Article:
The e-commerce market has grown sharply over the past 25 years, and it got a big boost from the Covid-19 pandemic, which forced billions of people to stay – and shop – at home. Those habits are unlikely to change, even as more people return to traditional physical stores.

Sources: eMarketer; Website
Additional Information: Worldwide, eMarketer; 2015 to 2017


But while growth in e-commerce shows no sign of peaking any time soon, valuations of online retailers may have. So if you own an e-commerce business, there may be no better time to sell than right now.

There are nearly 273,000 e-commerce businesses in the U.S., generating more than $546 billion in revenue, according to figures from Peak Business Valuation. Not surprisingly, the value of many online retailers has increased sharply in recent years, as much for their promise of future gains as well as their recent performance.

“Online businesses are in high demand with the recent shift towards e-commerce, and many traditional blue-chip investors are looking to expand their portfolios by acquiring digital companies,” Retail Touch Points says. According to some estimates, e-commerce companies accounted for nearly 80% of all business sales in 2020. So cashing in now, with valuations at record highs, may be a smart decision. The bull market in e-commerce companies, in other words, may not last forever, even if the industry continues to grow.

One reason is simple supply and demand. While prospective buyers—mainly private equity investors, other e-commerce companies and aggregators—are flush with cash and eager to put it to work, the supply of good companies to choose from isn’t infinite. As Shopify recently warned, the growth trend in the sector “is not only a tailwind for digital brands, but also a headwind as the world of e-commerce becomes more crowded and competitive than ever.” While buyers have bid up the price of e-commerce companies in recent years, they have also gotten more demanding and discriminating in what they will buy and how much they will pay.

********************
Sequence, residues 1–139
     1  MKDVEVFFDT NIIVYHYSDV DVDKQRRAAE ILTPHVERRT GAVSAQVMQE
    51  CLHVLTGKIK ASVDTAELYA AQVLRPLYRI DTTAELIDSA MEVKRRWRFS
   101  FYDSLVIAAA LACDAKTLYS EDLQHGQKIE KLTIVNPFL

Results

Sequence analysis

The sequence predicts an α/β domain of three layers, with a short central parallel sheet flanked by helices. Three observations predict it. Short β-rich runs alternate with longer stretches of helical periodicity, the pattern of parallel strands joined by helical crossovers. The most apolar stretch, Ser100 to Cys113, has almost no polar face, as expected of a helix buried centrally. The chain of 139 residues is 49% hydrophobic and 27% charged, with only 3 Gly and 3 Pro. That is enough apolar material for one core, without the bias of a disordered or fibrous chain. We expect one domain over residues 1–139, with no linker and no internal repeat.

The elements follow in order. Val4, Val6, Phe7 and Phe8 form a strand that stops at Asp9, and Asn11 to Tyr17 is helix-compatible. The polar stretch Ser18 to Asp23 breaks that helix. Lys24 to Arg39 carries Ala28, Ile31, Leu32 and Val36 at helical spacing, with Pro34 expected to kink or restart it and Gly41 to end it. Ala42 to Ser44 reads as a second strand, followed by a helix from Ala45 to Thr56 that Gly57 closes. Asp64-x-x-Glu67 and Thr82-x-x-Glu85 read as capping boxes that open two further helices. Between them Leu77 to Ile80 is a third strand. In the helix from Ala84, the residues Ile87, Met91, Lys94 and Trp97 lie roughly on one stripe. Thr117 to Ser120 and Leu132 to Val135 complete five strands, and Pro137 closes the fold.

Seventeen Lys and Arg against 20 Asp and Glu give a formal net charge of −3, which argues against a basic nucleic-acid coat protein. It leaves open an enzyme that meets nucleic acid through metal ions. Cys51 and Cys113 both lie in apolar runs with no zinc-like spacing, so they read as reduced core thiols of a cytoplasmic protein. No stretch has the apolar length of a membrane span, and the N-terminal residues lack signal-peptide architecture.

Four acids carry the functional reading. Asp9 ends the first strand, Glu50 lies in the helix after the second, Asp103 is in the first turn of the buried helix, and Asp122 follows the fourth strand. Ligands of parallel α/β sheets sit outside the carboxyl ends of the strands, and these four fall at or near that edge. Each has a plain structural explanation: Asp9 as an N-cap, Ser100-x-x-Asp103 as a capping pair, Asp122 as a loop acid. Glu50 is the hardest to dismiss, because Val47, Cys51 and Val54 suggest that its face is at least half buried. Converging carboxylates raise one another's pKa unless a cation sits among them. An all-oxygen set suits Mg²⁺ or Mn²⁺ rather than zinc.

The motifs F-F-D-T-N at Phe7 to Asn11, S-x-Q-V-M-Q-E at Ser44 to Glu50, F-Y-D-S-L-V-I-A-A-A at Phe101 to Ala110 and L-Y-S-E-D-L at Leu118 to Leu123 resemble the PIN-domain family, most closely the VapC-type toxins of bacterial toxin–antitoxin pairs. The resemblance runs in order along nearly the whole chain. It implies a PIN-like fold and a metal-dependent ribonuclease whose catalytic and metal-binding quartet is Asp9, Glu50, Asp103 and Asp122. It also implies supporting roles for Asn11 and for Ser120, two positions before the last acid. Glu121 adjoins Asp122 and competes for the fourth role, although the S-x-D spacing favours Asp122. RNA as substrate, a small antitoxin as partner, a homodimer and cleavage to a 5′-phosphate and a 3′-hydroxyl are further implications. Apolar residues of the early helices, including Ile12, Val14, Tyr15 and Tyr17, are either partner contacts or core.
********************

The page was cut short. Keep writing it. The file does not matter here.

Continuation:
Source:  The role of aggregators


Right now, the market for e-commerce companies is being driven in part by FBA aggregators, who are buying up companies that sell on Amazon’s third-party marketplace. These FBA (fulfillment by Amazon) companies are now responsible for more than half of all goods sold on Amazon’s site. Aggregators buy up promising mom-and-pop sellers with the goal of “transforming them into global brands,” according to Bloomberg.


The most acquisitive FBA aggregator is Thrasio, a Walpole, Mass.-based company that has acquired over 100 Amazon businesses since its founding in 2018 and currently has a valuation of over $1 billion. Other big aggregators include Perch and Branded. But according to Bloomberg, about 40 Amazon aggregators have emerged in recent years.

According to Sifted, these aggregators and other acquirers have driven up valuations of e-commerce companies to as much as 8x EBITDA (earnings before interest, taxes, depreciation, and amortization), up sharply from less than 2x when Thrasio started three years ago. Some buyers are even throwing in perks like cash and cars to get deals done.


The question is, is that sustainable?

While the growth prospects for e-commerce seem realistic, it’s more difficult to know if valuations can follow that same path. Asset valuations don’t always track the level of underlying business activity and even profitability.

One factor that could negatively impact future is higher interest rates. The Federal Reserve has already indicated that it will likely start tapering its purchases of government and mortgage bonds before the end of this year. While that has had only a minimal effect on bond rates so far, that could change as the tapering program progresses and the Fed removes some of its support for the economy. Higher rates could pinch company profits.

Another thing that could affect the valuation of companies is taxes. The Biden Administration has made no secret that it wants to raise both corporate income and capital gains taxes to pay for its massive government spending programs. E-commerce owners currently on the fence about selling might be better off exiting now at today’s low tax rates rather than waiting, which could have a big effect on how much they would walk away with in a deal.

If you’d like to find out more about selling your e-commerce business, please contact FOCUS Principal Leah White at [email protected] or 724-448-6180.

In our next blog, we’ll look at how e-commerce businesses are valued.

Leah White is an experienced financial professional and a Managing Director with FOCUS Investment Banking. She specializes in e-commerce and technology transactions and enjoys helping entrepreneurs achieve a successful exit.